Abra is about 110km from Sandfire Resources’ Degrussa copper mine and about half way between Mt Newman and Meekatharra and well served by infrastructure in the region.
Galena's latest Midas Touch, a 35% spike to 96c on the ASX, saw the Perth-based junior nearing the close of a remarkable early chapter in its short history since it was formed in December 2016.
The company’s 20c listing in September last year, which was a screaming success, was oversubscribed and raised $6 million through the issue of 30 million shares..
Within three months of its IPO Galena’s shares had rallied 280% to 76c and then on to 96c more recently.
This value creation was the result of a smart play by Turner, who recognised a good opportunity last year when Galena managed to snap up 100% of the Abra project for just $3.5million from Chinese miner HNC.
HNC paid $100m for the same tenements back in 2008 and didn’t really do much with them, believing the project to be a huge tonnage but low-grade play.
Turner, who was the exploration manager at the project from 2008-2010, recognised that Abra, one of the largest undeveloped lead-silver deposits in the world, should be the focus of a high-grade, low capex strategy to maximise shareholder value as opposed to the previously envisaged Chinese model of a large-scale, low to medium grade capital intensive program.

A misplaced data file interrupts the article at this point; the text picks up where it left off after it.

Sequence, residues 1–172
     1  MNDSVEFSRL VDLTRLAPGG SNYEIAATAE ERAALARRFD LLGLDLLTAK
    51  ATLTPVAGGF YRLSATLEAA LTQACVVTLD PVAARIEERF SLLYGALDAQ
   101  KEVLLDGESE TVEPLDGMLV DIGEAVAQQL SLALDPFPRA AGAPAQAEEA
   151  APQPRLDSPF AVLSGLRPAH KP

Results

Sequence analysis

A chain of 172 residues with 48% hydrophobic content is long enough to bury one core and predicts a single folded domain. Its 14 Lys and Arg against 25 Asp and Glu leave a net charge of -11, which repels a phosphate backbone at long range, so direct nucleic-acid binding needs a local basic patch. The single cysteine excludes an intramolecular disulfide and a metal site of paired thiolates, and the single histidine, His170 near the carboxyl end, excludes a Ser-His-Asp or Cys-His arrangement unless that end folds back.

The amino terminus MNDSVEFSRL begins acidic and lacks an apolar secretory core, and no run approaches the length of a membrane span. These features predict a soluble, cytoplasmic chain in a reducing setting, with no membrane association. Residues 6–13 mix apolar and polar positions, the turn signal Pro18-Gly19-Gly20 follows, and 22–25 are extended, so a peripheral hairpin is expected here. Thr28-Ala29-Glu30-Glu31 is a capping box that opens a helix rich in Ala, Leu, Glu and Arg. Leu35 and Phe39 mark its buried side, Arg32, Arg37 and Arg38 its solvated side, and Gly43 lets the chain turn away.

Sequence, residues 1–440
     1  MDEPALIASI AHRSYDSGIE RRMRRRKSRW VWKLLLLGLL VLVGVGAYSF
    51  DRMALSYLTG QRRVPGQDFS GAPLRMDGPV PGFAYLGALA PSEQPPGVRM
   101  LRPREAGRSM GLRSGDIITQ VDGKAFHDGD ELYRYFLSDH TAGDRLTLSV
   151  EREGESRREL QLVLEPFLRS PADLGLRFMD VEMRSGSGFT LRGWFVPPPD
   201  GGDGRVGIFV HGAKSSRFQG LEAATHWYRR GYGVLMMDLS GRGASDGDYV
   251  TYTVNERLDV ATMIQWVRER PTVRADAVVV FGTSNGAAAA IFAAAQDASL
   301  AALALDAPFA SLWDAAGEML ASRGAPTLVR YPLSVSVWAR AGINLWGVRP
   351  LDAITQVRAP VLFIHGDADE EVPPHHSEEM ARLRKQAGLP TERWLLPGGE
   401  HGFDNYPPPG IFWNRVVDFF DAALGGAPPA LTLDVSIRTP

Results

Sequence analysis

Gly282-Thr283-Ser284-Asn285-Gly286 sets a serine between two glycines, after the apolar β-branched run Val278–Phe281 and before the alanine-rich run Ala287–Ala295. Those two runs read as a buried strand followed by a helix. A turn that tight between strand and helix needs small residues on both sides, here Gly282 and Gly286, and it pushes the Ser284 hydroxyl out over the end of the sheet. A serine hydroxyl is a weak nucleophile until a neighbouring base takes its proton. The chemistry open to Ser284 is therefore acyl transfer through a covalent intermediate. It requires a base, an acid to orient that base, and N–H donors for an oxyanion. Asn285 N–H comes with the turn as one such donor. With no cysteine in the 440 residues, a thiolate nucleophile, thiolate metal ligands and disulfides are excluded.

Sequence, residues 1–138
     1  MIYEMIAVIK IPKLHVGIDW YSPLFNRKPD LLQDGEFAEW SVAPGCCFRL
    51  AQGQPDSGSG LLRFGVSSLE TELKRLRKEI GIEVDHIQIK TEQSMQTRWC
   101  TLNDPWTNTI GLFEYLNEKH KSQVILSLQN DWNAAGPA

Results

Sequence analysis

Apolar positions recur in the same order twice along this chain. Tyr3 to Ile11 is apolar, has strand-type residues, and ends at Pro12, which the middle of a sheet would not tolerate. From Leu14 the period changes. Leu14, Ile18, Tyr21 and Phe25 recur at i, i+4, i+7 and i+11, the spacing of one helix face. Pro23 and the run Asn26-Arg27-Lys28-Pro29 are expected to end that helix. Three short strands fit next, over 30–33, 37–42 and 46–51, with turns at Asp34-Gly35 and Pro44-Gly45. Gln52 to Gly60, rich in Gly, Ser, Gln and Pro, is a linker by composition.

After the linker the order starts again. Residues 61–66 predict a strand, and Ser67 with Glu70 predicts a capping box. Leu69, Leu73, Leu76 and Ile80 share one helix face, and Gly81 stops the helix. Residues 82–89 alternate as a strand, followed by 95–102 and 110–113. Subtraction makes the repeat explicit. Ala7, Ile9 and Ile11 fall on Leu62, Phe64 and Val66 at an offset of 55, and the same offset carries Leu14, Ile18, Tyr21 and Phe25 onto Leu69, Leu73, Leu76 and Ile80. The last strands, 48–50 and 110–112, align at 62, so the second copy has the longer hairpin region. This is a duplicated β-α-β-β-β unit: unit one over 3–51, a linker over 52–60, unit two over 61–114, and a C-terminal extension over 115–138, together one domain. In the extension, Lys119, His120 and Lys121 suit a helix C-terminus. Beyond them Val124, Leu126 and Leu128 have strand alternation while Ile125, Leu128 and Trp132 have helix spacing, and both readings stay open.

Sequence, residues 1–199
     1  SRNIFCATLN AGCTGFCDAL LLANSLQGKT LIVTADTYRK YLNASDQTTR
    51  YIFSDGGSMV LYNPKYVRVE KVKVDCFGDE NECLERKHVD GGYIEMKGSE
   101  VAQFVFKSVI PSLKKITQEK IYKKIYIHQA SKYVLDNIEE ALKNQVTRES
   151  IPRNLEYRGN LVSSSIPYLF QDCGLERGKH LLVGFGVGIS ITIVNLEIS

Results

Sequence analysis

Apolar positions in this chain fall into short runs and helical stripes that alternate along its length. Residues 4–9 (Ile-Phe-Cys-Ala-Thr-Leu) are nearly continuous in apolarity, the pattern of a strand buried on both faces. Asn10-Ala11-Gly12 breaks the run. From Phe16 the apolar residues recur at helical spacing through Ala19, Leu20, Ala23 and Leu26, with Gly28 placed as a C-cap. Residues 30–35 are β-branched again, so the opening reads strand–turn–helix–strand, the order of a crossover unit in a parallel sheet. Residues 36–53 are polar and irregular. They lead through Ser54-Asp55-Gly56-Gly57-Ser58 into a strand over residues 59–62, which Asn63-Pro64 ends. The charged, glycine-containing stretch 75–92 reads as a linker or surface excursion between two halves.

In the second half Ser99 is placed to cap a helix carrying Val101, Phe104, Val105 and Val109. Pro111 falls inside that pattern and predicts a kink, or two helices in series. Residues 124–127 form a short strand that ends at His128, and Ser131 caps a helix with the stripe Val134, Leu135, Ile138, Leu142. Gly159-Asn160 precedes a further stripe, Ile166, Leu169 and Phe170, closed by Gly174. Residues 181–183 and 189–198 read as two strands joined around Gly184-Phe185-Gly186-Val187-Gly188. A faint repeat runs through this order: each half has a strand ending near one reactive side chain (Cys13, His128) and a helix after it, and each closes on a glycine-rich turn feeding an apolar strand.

Previous economics studies based on historic, JORC 2004 resource estimates for Abra were based on a 4-6 million tonne per year production model of a lead-silver concentrate. Galena’s economic studies are based on a 1 million tonne per year, higher-grade and focused underground scenario, still with an initial mine life target of 10-15 years.
Located 200km north of Meekatharra in the Ashburton Basin of central Western Australia, the tenements are accessible from the Great Northern Highway through public unsealed roads.
Lead has been shipped out of Geraldton from Golden Grove for 25-years and is primarily used in lead-acid car batteries. Demand growth, driven primarily by China, increased 45% from 7.3Mt in 2004 to 10.6Mt in 2015. In the third quarter of 2016 leading industry analysts Wood Mackenzie forecast a 3.1% compounded annual growth rate for lead over the next five years.
Last month the International Lead and Zinc Study Group said global refined lead demand had surpassed supply for the first ten months of 2017, creating a market deficit of 173,000 tonnes during this period. Global demand for refined lead metal jumped 3.6% to 9.837 million tonnes with Chinese usage surging 11.3%, European usage 3,6% and usage in the United States increasing by 5%.
Chinese imports of lead contained in lead concentrates soared 36% to 856,000 tonnes in 2017 and refined lead metal imports to the country totaled 440,000 tonnes. From 2010-2015 global growth was up 28% and between 2011 and 2016 global stockpiles declined 49% from 360,000 tonnes to 183,000 tonnes.
With the current price of lead at $3263 per tonne, not far off post-GFC peaks of $3300, Galena’s game plan of a medium sized, high-grade operation appears to be a winner at a time of near record prices.